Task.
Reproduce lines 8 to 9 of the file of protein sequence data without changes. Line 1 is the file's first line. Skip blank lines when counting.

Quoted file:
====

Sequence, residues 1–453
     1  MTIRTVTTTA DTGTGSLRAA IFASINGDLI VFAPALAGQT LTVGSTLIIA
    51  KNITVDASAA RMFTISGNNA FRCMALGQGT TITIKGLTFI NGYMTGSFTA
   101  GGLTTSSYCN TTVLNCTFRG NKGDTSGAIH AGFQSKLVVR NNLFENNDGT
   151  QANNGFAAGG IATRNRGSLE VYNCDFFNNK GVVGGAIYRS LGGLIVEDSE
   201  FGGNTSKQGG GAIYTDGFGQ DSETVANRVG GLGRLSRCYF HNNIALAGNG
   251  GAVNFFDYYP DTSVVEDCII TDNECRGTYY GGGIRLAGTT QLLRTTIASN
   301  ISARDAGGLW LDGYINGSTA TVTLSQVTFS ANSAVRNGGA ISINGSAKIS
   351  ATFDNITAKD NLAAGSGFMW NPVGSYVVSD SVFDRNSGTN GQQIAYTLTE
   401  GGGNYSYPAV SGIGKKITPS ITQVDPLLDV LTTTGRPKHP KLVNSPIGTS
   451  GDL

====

   301  ISARDAGGLW LDGYINGSTA TVTLSQVTFS ANSAVRNGGA ISINGSAKIS
   351  ATFDNITAKD NLAAGSGFMW NPVGSYVVSD SVFDRNSGTN GQQIAYTLTE